To begin, I would like you to read an excerpt from the book Earthshaking Science, by Susan Hough. It is a part of a chapter that tells a brief historical account of the plate tectonics revolution. I think this is an ideal starting point for this course and hopefully it will stir your interest because in Lesson 2, you will be researching the scientific contributions made by various scientists who had a part in formulating plate tectonics. The discussion of this reading will last throughout the week, so be sure to read it early and check in to the discussion forum often. See the Overview page for specific dates.
Earthshaking Science excerpt
Read the following excerpt from Earthshaking Science, available in Canvas.
- Hough, Susan, "Plate Tectonics Revolution", excerpted from Earthshaking Science: What we know (and don't know) about earthquakes, Princeton University Press, 2002, pp. 1-12. (Read up to the bold heading Seismology and Plate Tectonics)
Submitting your work
Once you have finished the reading, engage in a class discussion as described below.
This discussion will take place over the entire week devoted to Lesson 1 and will require you to participate multiple times during that period.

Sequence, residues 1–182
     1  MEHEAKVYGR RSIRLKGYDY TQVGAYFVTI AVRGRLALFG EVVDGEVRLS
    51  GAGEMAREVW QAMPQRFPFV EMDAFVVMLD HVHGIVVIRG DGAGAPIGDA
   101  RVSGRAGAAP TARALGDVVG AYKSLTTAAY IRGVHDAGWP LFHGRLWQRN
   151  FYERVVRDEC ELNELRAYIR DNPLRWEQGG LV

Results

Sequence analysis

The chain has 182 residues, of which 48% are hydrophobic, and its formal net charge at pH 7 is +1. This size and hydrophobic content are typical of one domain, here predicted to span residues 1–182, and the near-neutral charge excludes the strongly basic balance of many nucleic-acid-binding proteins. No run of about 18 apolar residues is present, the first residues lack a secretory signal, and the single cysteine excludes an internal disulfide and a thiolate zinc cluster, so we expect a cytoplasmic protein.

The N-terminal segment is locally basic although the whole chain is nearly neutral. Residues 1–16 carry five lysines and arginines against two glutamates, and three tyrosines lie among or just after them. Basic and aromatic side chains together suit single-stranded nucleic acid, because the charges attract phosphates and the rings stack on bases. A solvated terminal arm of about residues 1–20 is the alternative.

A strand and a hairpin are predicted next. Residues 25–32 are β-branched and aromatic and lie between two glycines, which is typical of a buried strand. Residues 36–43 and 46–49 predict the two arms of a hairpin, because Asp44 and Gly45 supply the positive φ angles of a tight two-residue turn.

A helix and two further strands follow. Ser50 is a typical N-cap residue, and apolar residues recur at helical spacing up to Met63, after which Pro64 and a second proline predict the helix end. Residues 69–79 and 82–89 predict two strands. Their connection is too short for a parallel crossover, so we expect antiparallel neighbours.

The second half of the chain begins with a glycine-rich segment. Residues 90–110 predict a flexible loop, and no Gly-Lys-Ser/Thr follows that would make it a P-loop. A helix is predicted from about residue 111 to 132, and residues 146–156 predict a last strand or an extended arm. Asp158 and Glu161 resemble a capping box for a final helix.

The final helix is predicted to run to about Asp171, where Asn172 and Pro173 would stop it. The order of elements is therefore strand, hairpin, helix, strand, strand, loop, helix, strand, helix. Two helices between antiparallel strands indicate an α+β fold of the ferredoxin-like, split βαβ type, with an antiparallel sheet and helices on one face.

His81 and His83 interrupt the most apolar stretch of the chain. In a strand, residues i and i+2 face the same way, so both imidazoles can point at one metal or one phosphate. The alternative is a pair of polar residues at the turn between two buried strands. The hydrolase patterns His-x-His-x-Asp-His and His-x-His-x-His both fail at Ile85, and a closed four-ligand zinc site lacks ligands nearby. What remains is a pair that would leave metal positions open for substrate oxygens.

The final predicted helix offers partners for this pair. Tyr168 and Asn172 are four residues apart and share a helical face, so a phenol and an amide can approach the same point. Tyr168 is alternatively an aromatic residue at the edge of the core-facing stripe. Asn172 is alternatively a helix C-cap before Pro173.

- Find the Lesson 1 - Plate Tectonics Revolution Discussion Forum in Canvas
- You will see the questions below already there:
- What types of evidence did Wegener call on for his continental drift hypothesis? Why was his hypothesis not accepted by other scientists of the time?
- Hough calls Harry Hess's 1962 paper "The History of Ocean Basins" an idea paper. What is meant by this? Why was this paper so important?
- Discuss some of the technological advances that aided the plate tectonics revolution.
- I think it is too easy to read an account of a scientific revolution and assume that people back then were just ignorant. (Why didn't they get it? It's so obvious!) However, science is often more of a steady march than a series of dazzling leaps. There are unsolved problems now that will be solved by today's scientists and future generations will scoff at us for not "getting it" at the time. What is your favorite unsolved problem today? (In any field, not just Earth science.)
- Respond to a thread that includes responses to these questions. If you feel that your response has already been "said" by another student, then post a response to someone else's remarks that expands on what has already been said, asks for clarification, asks a follow-up question, or furthers the discussion in some other meaningful way.
- By the end of the activity, I would like you to post at least one original thought/opinion/question and at least one thoughtful response to someone else's post.
You will be graded on the quality of your participation. See the grading rubric for specifics on how this assignment will be graded.